Changing My Routine

This week I read a newsletter written for women with chronic illness, and I was inspired to try a different approach to my mornings. I put more effort into my routine by showering, moisturizing, fixing my hair, putting on a bit of makeup, and wearing a cute (and comfy) outfit. I took things more slowly than I did when I was healthy, and I made a few changes to my old routine, but I did it. Those of you who live with illness know that being able to get ready and look “normal” is an accomplishment in itself. I dealt with physical pain most of the day, and my symptoms remained the same, but I felt good about myself. And I felt confident about my appearance for the first time in too long.


We know that illness affects the body, but we don’t always consider how chronic illness changes the way we see our bodies. There have been dozens of times I’ve thought to myself, “I am fighting against this body” or “I wish my body would cooperate today.” In the process, I’ve seen it as something that I battle. It’s been challenging to love the very thing I am fighting against. I’ve decided that I need to change my point of view. I started by following a morning routine in which I care for my body. It’s helped me change my perception of what I’ll look like while living with this illness. I know that I won’t be able to blow dry my hair or shower on my really bad days, but I am learning to do what I can to help myself feel better about the body I am in.

You see, I can’t change my illness. I can manage it, accommodate it, and be grateful for good days, but none of that will make it disappear. It’s taken me months to accept that my life will not be what I’d expected. That doesn’t mean that my life is less worthwhile, but it changes how I think about my future. Accepting a new way of life means that I have to be more intentional about caring for my body because it’s not as resilient as it was before. I will need to use my transport chair sometimes, and I may be judged for looking “normal” while riding in it. I may get stares from strangers who don’t understand that I need a lot of help, even though I don’t look terrible that day. And that sucks. However, I refuse to feel bad about how I look in order to cater to the misconception that illness is always visible. I will not let ignorant people determine the way I live my life, and I won’t hate my body because it doesn’t function the way I’d like. Instead, I’ll do the best I can to enjoy the life I’ve been given.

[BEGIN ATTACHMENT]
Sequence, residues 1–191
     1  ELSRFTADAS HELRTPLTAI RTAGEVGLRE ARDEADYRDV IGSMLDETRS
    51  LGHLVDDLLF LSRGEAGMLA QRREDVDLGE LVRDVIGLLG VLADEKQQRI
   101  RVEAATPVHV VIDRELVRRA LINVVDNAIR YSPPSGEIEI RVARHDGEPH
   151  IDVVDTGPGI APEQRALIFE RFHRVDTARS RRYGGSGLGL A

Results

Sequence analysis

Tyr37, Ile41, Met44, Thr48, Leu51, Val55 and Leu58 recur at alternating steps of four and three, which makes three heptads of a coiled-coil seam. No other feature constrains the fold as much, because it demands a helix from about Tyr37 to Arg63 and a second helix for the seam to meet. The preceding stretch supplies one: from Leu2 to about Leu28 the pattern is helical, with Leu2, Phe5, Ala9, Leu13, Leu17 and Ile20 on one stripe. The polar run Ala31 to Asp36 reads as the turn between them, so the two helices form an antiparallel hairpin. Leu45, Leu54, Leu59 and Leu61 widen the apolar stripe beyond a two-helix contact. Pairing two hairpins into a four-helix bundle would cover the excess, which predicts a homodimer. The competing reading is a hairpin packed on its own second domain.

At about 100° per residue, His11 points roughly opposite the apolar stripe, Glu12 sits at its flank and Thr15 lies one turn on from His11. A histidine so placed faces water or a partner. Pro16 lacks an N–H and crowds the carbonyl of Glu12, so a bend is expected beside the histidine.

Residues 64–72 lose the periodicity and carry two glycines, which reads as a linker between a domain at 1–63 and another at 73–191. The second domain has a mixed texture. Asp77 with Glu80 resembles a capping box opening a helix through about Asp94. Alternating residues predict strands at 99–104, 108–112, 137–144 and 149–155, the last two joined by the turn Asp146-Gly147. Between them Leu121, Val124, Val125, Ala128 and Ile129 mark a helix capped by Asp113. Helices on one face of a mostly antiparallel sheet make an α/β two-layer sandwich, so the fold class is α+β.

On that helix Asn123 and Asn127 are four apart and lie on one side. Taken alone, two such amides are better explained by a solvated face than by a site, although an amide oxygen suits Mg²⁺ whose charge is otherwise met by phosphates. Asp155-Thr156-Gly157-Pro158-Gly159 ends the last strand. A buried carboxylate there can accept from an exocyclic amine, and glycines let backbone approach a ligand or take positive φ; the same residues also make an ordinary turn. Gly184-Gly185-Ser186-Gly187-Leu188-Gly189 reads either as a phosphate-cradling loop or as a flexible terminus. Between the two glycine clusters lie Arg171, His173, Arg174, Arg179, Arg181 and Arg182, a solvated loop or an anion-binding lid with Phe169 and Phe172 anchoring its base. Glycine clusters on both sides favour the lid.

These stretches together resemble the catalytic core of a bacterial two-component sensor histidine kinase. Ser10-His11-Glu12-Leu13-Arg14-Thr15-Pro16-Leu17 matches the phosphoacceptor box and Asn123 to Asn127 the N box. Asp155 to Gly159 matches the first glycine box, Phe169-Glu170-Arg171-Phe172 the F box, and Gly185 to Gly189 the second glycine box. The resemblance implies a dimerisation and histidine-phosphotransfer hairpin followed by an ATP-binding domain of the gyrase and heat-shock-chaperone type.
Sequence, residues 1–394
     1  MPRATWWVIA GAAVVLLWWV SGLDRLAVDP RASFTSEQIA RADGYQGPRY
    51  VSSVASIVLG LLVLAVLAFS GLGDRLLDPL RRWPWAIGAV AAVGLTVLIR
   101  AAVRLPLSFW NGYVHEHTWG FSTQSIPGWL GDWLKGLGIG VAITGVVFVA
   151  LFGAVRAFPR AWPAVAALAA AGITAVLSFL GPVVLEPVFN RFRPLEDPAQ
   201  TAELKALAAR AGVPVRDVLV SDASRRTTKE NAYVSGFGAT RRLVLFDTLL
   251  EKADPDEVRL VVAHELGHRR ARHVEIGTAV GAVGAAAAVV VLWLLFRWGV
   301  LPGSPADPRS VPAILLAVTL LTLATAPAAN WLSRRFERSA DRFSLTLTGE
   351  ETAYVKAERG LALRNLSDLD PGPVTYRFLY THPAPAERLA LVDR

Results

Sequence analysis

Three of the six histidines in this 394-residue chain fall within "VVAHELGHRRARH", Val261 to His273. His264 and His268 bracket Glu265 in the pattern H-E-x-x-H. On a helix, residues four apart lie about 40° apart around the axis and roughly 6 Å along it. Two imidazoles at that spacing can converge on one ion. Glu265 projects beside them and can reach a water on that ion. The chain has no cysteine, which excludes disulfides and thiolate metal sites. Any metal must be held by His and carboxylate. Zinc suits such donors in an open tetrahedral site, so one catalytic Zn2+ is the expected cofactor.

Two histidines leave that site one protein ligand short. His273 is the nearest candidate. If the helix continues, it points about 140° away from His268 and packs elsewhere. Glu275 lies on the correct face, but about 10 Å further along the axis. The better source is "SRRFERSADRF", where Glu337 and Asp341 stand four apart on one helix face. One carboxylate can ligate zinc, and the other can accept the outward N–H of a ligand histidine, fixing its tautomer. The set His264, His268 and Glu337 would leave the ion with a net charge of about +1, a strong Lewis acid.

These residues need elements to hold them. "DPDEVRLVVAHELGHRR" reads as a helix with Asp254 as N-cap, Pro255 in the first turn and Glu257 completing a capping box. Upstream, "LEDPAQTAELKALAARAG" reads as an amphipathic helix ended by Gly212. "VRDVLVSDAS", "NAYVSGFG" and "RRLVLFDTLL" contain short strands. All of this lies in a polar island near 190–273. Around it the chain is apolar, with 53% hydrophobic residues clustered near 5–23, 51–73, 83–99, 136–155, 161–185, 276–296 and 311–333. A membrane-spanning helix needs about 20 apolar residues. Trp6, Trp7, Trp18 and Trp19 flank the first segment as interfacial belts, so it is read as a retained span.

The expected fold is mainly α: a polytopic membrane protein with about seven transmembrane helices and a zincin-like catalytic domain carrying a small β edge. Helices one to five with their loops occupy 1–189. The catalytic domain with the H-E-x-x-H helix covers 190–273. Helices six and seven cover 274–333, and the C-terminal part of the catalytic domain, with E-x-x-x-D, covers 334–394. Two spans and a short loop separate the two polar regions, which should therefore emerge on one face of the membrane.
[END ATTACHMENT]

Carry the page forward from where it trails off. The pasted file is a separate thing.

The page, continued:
Today I am reminding myself that life can be beautiful when it’s not perfect, and I am challenging myself to treat my body well every day.

If you’re looking for more inspiration on this topic, I recommend checking out Lottie Ryan’s newsletter.


6 thoughts on “Changing My Routine

    • Thank you for your interest. I am more comfortable speaking in general terms about medications commonly used for POTS, as opposed to my particular treatment. A betablocker can be prescribed to lower the resting heart rate so that tachycardia occurs less often. Fludrocortisone is used to increase blood volume because POTS symptoms are worsened by blood pooling in the legs. When the blood pools in the extremities, it does not get to the heart, which means the heart has to pump faster to get enough blood. Midrodrine is sometimes prescribed to increase blood pressure. This is important because POTS patients tend to have more symptoms when experiencing low blood pressure (fainting, high heart rate, dizziness, etc). POTS patients are also told to increase daily fluid intake and eat a high sodium diet. These changes are recommended in order to increase blood volume, which makes it possible for more blood to get to the heart so that tachycardia occurs less often. GI problems are also common with POTS because the entire autonomic (involuntary) nervous system is affected. Some POTS patients are told to eliminate dairy or gluten from their diet altogether.


      • I’m no doctor so general works. Dairy should not be taken by anything that is not baby and modern gluten is just bad in and of itself.

        I am just some guy, but I feel that you would find the work from the Linus Pauling Institute at the University of Oregon and their work with Vitamin C. Also, work with probiotics, which connect to auto immune issues.

        You probably have already looked into stuff like that though. Hope that I am not being too forward.

        Clifford Mitchem
        Advocare Distributor
        Nutrition + Fitness = Health


  1. Pingback: Style Tips for the Chronically Ill | Choosing Hope

  2. I think it is so important to work with your body and that language (including internally) and approach to life (pessimist vs. optimist) can have an impact on how you feel. I agree that just turning that around and working with your body is so important. I have steered away from people I had been following online that talked about their Rheumatoid medication as ‘chemo’. Just this sort of language annoys me and puts health conditions like rheumatoid and cancer in the same space and I don’t feel comfortable with that. Medications for RA are a modified low dose, long term version of chemotherapy found to be beneficial with RA symptoms. In no way are they close to the chemotherapy treatment of someone with cancer, despite having some similar symptoms.
    Keep the language and feeling positive and you will feel positive.😊


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